Exploring Different Types of Anxiety Disorders and the Need for Treatment

Different types of anxiety disorders manifest in different ways, but all can cause deep distress and interfere with normal function. By understanding the nature of generalized anxiety disorder, panic disorder, social anxiety disorder, and obsessive-compulsive disorder, you can identify which type of illness you are struggling with. But regardless of the specifics of your illness, recovery requires professional treatment. If outpatient therapies have not worked for you, it could be time to seek residential care.

Anxiety disorders are a family of mental illnesses characterized by overwhelming fear and worry that cause deep psychological pain and loss of ordinary function. However, not all manifestations of anxiety are alike. By learning more about the different types of anxiety disorders, you can come to better understand the nature of your own distress and learn how to begin the process of healing.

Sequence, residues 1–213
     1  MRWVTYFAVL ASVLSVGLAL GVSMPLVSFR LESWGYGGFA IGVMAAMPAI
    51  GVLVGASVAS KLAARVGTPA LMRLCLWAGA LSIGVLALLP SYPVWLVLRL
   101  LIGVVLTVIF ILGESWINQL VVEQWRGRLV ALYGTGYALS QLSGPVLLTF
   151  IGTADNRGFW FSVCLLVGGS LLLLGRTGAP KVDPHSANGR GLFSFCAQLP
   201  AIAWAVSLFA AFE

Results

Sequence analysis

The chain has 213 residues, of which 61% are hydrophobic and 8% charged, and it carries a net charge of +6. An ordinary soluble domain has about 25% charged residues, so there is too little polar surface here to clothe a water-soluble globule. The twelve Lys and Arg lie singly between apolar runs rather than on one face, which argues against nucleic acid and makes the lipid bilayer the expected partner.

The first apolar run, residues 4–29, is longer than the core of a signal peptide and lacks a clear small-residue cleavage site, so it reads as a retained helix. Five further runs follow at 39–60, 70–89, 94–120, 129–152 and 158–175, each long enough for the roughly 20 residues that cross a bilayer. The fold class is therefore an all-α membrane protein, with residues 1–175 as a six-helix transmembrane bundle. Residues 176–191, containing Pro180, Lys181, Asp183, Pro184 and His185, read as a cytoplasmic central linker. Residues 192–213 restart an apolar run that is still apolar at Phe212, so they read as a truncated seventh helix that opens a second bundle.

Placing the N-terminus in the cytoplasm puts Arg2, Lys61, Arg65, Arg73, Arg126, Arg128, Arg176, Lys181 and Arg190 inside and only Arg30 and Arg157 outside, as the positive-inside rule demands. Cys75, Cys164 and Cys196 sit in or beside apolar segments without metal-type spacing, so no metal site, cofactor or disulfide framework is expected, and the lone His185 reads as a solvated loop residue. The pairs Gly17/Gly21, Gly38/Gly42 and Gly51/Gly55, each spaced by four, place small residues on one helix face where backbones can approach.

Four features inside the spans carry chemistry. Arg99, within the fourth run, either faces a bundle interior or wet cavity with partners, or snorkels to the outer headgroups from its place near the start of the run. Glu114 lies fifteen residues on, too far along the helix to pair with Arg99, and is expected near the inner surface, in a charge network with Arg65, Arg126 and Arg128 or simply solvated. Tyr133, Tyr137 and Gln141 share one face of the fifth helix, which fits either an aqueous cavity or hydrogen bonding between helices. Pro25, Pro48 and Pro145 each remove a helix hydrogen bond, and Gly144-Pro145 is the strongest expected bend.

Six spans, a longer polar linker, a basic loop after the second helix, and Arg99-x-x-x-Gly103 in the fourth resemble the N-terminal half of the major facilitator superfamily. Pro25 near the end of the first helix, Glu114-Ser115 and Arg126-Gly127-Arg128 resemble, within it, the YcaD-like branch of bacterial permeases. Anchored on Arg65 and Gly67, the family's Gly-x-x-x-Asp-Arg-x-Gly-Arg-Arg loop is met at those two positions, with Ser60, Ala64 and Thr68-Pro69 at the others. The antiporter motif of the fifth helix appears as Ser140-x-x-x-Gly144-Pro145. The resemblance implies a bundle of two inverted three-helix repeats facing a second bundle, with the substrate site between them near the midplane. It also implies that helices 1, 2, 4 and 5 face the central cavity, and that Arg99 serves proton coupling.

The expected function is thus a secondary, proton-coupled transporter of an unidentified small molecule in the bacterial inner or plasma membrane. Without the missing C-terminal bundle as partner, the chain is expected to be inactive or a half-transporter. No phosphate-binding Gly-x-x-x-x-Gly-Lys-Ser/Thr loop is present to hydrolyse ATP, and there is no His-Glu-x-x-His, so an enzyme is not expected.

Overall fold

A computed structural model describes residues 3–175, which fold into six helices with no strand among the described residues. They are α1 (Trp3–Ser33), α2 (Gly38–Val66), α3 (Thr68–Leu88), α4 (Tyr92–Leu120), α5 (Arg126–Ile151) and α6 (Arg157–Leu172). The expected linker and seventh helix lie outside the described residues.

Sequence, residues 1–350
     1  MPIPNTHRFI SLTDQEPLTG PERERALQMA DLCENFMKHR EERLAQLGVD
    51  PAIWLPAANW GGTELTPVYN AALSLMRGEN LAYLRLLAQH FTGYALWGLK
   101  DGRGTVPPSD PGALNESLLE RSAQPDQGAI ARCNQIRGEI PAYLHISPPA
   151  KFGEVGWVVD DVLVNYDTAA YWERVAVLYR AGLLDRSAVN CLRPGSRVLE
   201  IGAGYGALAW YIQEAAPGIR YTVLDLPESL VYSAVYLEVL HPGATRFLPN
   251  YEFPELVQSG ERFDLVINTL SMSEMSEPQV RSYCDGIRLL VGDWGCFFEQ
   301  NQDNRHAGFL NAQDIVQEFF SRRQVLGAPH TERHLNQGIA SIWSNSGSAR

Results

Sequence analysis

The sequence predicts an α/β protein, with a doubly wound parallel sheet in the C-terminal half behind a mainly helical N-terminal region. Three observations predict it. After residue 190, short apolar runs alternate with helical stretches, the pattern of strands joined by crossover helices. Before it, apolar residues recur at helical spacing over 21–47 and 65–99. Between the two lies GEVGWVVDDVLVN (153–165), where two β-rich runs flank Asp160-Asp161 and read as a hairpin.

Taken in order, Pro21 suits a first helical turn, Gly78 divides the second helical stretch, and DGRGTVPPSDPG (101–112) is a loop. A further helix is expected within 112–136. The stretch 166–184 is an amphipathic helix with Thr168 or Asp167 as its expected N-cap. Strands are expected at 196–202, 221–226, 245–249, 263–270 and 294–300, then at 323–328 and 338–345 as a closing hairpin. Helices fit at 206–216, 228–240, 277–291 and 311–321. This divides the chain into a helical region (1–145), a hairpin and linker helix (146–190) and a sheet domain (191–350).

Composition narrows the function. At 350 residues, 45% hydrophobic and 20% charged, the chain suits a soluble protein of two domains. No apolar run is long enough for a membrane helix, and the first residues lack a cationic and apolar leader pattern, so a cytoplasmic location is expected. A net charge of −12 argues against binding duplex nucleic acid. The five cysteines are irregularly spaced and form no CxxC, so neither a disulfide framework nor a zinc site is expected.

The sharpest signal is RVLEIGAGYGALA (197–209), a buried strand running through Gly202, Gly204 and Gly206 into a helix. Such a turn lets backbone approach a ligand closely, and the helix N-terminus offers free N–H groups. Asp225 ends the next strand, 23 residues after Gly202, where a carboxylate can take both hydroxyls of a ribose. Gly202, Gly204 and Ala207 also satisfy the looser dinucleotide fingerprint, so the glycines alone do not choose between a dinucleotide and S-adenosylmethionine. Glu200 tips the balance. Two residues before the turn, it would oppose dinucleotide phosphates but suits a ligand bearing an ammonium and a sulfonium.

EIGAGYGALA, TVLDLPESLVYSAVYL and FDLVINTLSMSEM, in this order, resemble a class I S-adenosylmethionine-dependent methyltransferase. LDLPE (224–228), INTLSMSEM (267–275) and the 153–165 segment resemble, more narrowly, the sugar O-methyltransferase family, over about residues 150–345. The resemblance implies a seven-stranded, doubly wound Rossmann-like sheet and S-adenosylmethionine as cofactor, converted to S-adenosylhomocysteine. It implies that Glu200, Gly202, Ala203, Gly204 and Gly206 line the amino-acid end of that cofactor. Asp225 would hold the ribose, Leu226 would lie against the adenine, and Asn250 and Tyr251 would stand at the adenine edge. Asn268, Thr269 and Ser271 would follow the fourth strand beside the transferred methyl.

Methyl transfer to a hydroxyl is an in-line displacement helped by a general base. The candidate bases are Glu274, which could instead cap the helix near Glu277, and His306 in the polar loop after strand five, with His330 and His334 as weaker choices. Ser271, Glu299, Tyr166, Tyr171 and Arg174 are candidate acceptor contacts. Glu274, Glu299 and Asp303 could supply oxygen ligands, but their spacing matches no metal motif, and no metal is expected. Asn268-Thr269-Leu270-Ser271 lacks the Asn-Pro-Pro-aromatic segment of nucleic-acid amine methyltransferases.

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Generalized Anxiety Disorder

Last year, Sarah Fader posted a message to her 16,000 Twitter followers while awaiting a text from a friend: “I don’t hear from my friend for a day—my thought, they don’t want to be my friend anymore #ThisIsWhatAnxietyFeelsLike.” Fader, 37, has generalized anxiety disorder (GAD) and her tweet quickly garnered the attention of not only her followers, but the media. In fewer than 140 characters, she gave voice to what millions of people experience every day.